New ERLC study applies gospel to racial divide

NASHVILLE, Tenn. – Churches looking to address ethnic divisions in their congregations and communities have a new resource at their disposal.

A Bible study curriculum from the Southern Baptist Ethics and Religious Liberty Commission called “The Church and the Racial Divide: Finding Unity in the Race-Transcending Gospel” was released Jan. 2 by LifeWay Christian Resources.

The ERLC’s stated goal for the six-session, multi-media study is to help Christians apply the gospel to the issue of racial division.

“The Bible tells us that God is creating, in Christ, one new man,” said Daniel Darling, the ERLC’s vice president for communications. “If the gospel brings people together from every nation, tribe and tongue, then the church should be the outpost of this kingdom.

Trillia Newbell, the ERLC’s director of community outreach, told BP the study is in many ways “a primer with the hope that it will inspire further study of God’s Word.”

Darling and Newbell, both authors of multiple books, are general editors of the study.

Trevor Atwood – lead pastor of City Church in Murfreesboro, Tenn. – is the author. Atwood is a former chairman of the ERLC’s board of trustees.

Speaking on the videos are Atwood, Darling and Newbell, as well as ERLC President Russell Moore; Juan Sanchez, senior pastor of High Pointe Baptist Church in Austin, Texas; and Walter Strickland, associate vice president for diversity and assistant professor of systematic and contextual theology at Southeastern Baptist Theological Seminary.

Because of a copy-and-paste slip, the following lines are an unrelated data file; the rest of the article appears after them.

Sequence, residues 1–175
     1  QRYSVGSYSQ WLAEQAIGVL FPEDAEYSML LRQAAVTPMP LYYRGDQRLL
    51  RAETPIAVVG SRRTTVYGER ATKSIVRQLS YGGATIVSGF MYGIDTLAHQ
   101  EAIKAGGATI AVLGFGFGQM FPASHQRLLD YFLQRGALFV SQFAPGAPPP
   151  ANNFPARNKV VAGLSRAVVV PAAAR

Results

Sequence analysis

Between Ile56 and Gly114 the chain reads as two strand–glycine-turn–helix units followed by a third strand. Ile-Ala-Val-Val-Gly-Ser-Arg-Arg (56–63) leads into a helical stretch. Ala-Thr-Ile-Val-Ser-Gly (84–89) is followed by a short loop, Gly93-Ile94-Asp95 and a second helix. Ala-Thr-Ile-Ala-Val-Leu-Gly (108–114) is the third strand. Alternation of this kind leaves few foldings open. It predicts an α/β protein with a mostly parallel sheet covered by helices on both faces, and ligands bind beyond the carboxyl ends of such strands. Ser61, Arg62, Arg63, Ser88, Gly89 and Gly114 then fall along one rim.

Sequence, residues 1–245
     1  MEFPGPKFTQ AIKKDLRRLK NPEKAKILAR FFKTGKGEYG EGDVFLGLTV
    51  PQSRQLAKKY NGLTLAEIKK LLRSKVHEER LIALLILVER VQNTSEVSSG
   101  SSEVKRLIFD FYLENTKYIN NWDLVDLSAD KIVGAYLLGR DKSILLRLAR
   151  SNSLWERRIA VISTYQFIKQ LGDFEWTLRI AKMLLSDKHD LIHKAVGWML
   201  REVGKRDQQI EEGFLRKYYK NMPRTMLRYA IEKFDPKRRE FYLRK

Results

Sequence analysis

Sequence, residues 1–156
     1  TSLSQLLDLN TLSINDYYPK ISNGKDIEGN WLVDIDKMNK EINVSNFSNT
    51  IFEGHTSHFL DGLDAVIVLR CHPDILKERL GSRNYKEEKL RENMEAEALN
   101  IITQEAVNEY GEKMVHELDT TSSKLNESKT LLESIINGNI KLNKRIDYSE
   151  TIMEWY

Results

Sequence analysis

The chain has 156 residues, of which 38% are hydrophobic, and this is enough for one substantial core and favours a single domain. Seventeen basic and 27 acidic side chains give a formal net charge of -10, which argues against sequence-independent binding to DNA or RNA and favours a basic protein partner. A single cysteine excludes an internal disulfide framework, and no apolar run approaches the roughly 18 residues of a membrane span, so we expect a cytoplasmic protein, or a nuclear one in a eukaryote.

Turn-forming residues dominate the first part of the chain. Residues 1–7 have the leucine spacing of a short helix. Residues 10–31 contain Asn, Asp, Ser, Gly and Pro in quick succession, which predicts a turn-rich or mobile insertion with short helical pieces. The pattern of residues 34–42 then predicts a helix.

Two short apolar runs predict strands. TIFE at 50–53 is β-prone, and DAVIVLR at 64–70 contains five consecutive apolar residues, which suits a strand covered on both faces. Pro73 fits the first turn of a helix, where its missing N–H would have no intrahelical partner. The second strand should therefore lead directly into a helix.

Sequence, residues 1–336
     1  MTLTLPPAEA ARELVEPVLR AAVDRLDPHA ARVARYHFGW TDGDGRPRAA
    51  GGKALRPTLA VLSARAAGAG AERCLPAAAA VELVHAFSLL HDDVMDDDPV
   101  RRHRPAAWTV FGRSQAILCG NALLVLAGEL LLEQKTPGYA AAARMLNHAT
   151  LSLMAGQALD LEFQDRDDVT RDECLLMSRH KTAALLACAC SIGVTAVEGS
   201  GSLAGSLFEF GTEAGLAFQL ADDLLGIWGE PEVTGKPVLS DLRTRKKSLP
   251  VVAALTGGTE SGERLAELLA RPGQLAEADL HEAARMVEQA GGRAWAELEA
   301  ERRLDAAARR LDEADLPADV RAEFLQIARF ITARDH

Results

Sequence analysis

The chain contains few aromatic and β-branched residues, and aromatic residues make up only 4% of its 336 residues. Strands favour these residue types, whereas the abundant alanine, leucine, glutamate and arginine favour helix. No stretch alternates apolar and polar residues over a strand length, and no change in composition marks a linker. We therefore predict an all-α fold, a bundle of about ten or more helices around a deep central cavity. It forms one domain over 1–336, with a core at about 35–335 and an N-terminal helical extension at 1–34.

The study addresses a problem that has long plagued many American churches, including those of the Southern Baptist Convention. The SBC began in 1845 in a split produced by its support of slaveholding missionaries, and churches in the convention largely opposed the civil rights movement of the 1950s and ’60s.

In 1995, messengers to the annual SBC meeting approved a statement expressing repentance for the convention’s past racism and asking African Americans for forgiveness. Southern Baptists have experienced strong ethnic growth in recent years, but many churches show little diversity despite being in diverse communities.

Each session of the curriculum includes three days of Bible study. Every group session includes not only viewing a video but discussing its content and related biblical texts. Each session also consists of recommended applications and steps of action based on the teaching.

Written by Baptist Press, the official news service of the Southern Baptist Convention.

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